Over Excited Dog: How Understanding Behavior Thresholds Can Help You
In this article we will try to understand behavior thresholds for humans and dogs. We are going to start from the basics and then move on to more complex topics.
What is a threshold?
A threshold is a point where something changes, or happens, that causes an animal to experience fear or anxiety. For example, if someone were to jump out at you and bite your leg, you would feel fear. If someone was to throw a rock at you while walking past, you might feel some fear. Now let’s say that person threw a rock at your head instead.
Would it make any difference what happened?
Of course not! Both events cause the same effect – they frighten or alarm us.
The concept of thresholds comes from evolutionary biology. Evolutionary biologists have studied the way animals respond to threats and dangers in order to better understand how our own brains work.
They’ve found that there are certain situations when an organism experiences fear or anxiety. These situations include being chased by a predator, seeing another individual get hurt, hearing loud noises such as gunshots or explosions, smelling poisonous substances or even just feeling threatened by something like a large group of aggressive men.
These situations are called thresholds, because they’re the points when animals experience fear and anxiety. Each organism has slightly different thresholds for different circumstances.
For example, a rabbit might be afraid of wolves (the predators) but it isn’t afraid of men (the non-predators), since men don’t hunt and eat rabbits. This is why petting a dog makes it feel calm and happy, while petting a cat makes it feel anxious and disturbed.
How does this apply to dogs?
One of the most important findings of animal behavior research has been that almost all animals respond to aversive stimuli with avoidance (this is called the Universal Behavioural Reactions). When an organism experiences pain or discomfort, it generally tries to avoid the situation in the future in order to protect itself from danger. In the case of dogs, this means that it learns to avoid whatever it is that’s causing it to feel pain or discomfort. This might sound pretty obvious, but it’s actually an important factor in how we train our pets.
Let’s think about the dog on the right for a moment. This dog has been trained through positive reinforcement – every time it does something good, it gets a treat.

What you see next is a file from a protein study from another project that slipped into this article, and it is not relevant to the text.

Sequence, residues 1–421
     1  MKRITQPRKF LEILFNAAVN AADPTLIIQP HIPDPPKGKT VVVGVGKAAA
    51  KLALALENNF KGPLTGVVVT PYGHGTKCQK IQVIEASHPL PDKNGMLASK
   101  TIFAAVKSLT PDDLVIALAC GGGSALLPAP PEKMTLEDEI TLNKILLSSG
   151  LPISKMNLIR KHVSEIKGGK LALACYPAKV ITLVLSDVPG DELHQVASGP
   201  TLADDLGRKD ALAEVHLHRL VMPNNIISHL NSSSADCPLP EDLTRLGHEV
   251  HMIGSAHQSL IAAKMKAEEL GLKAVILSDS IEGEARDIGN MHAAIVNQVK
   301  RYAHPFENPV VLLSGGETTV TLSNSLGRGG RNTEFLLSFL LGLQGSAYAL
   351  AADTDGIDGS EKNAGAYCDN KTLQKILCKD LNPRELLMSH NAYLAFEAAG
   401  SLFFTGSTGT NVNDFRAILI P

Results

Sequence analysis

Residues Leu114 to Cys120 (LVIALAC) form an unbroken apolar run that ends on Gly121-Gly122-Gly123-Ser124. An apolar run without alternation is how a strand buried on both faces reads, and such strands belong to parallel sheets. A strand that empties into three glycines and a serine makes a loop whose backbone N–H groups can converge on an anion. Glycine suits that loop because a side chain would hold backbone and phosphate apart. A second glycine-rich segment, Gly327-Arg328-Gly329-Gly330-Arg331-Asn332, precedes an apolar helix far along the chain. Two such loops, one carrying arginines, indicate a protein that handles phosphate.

This isn’t aversive training, this is just rewarding the dog for doing something positive. In fact, if you tried to use aversive training on this dog, it might get angry at you!
But what about the dog on the left?
This dog has been trained using aversive stimulus – in this case, a shock collar. When the dog does something wrong, it gets a shock. As you can see, this is quite a different situation!
There are two main problems with this. The first is that the dog on the left is going to be very afraid of you, and will do anything to avoid you because it associates you with pain.
This means it won’t be able to learn or listen to you as well, and you’ll always need to use the shocks to get it to behave. The second problem is that the dog will probably develop some pretty serious emotional problems over time, since it’s constantly under threat of pain. This actually causes the brain to change physically in a way that’s similar to Post Traumatic Stress Disorder (PTSD) in humans.
Now that you understand how aversive stimuli can affect dogs, let’s talk about how you can avoid using punishment in your training.
Sources & references used in this article:
The impact of sensory processing abilities on the daily lives of young children and their families: A conceptual model by W Dunn – Infants and young children, 1997 – img2.timg.co.il
Maternal sensitivity scales by MDS Ainsworth – Power, 1969 – psychology.sunysb.edu
Chemical senses, chemical signals and feeding behavior in fishes by J Atema – Fish Behaviour and its Use in the Capture and Culture …, 1980 – books.google.com
On the thresholds of knowledge by D Lenat, E Feigenbaum – Foundations of Artificial Intelligence …, 1992 – books.google.com
Natural selection and the regulation of defenses: A signal detection analysis of the smoke detector principle by RM Nesse – Evolution and human behavior, 2005 – Elsevier